Alverson Leaves a Sweet Legacy

Alverson Leaves a Sweet Legacy

Blood drive initiative in Jimmy’s memory

Jimmy Alverson senior high school picture

Jimmy Alverson senior high school picture

James Gibson Alverson IV (Jimmy) lost his 8 1/2-year battle from complications of medulloblastoma brain cancer and AML leukemia on November 20, 2023 but not without tasting crumbs of the final flavors in the Cheesecake Factory cheesecake competition. He was twenty years old. 

A community blood drive is being held in honor of Jimmy On Sunday, June 2 at Rock Spring United Church of Christ in Arlington. His mother, Susan, estimates Jimmy needed more than 400 pints of blood in his journey.

His father, Jim, says Jimmy loved sweets, and it was on Jimmy’s bucket list to try all of the 33 or so flavors of cheesecake from the Cheesecake Factory “so every 

Jimmy Alverson accepts football that Patrick Mahomes presented to him on the field at Arrowhead Stadium. Attending a game there was on Jimmy’s bucket list. 


month or so we would all get together on Sunday, cut the cheesecake slices into small pieces and try six or seven flavors and then vote. The champion of that round would advance to the next round, kind of like Jeopardy. The grand winner was key lime cheesecake, and we were able to place crumbs of the last cheesecake contestants in Jimmy’s mouth as he lay unconscious at Children’s Hospital shortly before he passed.”

Jim said Jimmy was diagnosed when he was 12-years-old, and from the beginning Jimmy was determined to help manage his own care. Jim explains, “Jimmy was in on every medical conversation, read every consent form, and created his advanced care directive. He was in charge of his treatment, and we were a sounding board.” 

“Jimmy really wanted to help others by his example. He went with others to Congress to advocate for legislation, and he left his body to be used for research.” His dad continues, “It was his way of showing gratitude. Without dozens of blood donations Jimmy would not have been able to go to college. And he would never know who they were. It kept his dream alive.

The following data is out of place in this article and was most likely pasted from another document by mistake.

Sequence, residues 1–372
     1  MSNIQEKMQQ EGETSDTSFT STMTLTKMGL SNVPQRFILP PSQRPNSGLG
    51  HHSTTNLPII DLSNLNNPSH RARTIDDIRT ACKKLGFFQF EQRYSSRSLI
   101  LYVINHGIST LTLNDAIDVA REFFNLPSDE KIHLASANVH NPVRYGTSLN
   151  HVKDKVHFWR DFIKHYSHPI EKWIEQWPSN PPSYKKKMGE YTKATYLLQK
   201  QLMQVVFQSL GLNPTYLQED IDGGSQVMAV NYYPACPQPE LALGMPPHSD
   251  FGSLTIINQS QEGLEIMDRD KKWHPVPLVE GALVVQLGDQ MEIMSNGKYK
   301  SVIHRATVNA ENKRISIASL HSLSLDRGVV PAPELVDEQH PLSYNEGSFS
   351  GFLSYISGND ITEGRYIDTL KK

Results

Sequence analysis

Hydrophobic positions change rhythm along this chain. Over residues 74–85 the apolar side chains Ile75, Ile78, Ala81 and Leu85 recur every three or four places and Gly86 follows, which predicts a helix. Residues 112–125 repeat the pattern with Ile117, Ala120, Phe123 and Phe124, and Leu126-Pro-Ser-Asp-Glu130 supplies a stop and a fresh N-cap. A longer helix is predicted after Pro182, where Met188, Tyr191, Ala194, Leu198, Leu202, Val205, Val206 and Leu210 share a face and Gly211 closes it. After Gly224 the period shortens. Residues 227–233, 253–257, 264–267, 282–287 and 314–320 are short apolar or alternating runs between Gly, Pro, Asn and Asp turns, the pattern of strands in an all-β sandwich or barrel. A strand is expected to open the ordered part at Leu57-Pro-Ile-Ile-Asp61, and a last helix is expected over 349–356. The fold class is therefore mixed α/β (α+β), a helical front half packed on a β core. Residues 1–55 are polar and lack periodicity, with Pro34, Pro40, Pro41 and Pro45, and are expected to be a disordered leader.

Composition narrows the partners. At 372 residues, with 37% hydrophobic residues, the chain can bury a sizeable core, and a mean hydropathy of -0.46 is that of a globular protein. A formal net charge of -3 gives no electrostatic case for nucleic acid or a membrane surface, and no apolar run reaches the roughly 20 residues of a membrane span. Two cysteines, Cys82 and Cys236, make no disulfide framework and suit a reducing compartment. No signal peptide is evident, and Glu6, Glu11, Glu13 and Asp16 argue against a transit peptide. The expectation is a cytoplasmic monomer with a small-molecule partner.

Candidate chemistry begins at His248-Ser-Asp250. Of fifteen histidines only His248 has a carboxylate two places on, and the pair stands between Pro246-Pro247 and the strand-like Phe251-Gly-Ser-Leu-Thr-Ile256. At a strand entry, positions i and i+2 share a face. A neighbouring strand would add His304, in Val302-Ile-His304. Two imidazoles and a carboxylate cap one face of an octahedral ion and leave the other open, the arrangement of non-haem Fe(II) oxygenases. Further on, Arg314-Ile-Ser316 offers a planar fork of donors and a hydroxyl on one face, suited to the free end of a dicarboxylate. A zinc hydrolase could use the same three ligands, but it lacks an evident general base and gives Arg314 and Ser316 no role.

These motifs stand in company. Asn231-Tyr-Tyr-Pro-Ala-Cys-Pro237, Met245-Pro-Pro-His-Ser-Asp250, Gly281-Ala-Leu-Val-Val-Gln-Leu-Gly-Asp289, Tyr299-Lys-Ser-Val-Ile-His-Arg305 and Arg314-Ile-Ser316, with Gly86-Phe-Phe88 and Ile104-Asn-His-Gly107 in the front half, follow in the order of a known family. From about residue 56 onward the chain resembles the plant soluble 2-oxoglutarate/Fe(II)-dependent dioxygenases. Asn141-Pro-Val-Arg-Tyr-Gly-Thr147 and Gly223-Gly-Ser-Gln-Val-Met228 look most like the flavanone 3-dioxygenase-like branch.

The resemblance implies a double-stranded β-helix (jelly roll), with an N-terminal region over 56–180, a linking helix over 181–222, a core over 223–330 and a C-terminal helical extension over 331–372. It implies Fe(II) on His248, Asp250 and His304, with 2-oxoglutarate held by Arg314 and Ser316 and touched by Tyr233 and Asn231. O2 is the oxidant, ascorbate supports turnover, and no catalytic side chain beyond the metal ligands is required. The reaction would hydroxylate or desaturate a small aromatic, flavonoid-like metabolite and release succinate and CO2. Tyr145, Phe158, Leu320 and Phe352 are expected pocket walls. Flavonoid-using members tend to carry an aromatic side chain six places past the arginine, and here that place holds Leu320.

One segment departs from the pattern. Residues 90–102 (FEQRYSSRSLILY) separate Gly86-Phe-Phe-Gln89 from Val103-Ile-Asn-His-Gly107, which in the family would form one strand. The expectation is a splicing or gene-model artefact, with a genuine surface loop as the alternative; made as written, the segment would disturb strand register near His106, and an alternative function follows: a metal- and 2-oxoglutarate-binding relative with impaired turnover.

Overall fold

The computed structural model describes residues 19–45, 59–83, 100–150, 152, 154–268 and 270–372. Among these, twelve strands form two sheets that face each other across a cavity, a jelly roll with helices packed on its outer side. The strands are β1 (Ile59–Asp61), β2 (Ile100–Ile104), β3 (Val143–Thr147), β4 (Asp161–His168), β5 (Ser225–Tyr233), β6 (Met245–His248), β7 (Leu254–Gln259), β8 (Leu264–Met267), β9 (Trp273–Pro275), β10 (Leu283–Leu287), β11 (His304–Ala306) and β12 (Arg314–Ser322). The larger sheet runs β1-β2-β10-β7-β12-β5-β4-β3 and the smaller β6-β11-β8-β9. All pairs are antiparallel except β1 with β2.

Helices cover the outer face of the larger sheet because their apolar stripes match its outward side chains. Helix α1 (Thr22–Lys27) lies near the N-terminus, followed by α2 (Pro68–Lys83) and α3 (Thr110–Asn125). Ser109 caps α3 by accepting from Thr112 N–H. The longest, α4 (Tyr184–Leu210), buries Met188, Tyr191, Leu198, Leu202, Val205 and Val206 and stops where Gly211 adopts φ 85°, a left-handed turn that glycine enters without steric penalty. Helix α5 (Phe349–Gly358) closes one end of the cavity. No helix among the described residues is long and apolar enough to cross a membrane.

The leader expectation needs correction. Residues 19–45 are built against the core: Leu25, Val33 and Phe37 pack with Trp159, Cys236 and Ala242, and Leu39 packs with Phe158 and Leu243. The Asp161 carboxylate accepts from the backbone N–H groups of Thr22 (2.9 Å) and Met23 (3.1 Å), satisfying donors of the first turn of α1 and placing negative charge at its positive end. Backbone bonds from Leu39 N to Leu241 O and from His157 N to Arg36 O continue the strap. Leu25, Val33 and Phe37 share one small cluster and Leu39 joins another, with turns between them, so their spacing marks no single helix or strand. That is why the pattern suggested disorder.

“Jimmy was very determined to live as normal life as he could even with his significant health challenges. The blood donations allowed him to go to college full time. He would take Ubers to the hospital to get a transfusion of platelets and go back to class.” Jim adds, “Jimmy wanted to do as much as he could.” He lived independently at James Madison University in an apartment with three roommates.

“One time when I was driving him back from the hospital to get treatment, I asked him ‘how do you do it? What is your secret?’”

“Jimmy said, ‘If there is something you can do about it, do it; if not, just accept it.’

“He was enjoying life as much as he could whether something simple like a dessert or more complicated like a trip. He played baseball, soccer and flag football and high school golf and participated in Scouts.”

“I think he got most of these genes from Susan’s side of the family. Susan’s father, his grandfather, was very determined and showed amazing fortitude. He was an Olympic level swimmer. I think Jimmy got a lot of this attitude from him.”

At Jimmy’s celebration of life on Jan. 2, 2024, the room was packed with several hundred people who had known Jimmy in his short life. Tables were loaded with baskets of chips and tiers of sweets. Susan explains, “A couple of episodes of The Office, his favorite TV show, were playing, video montages that Jimmy had created were shown and finally his favorite church coffee hour fruit punch was available for all.”

To sign up for the blood drive: https:/  or call 866-256-6372 code 8166.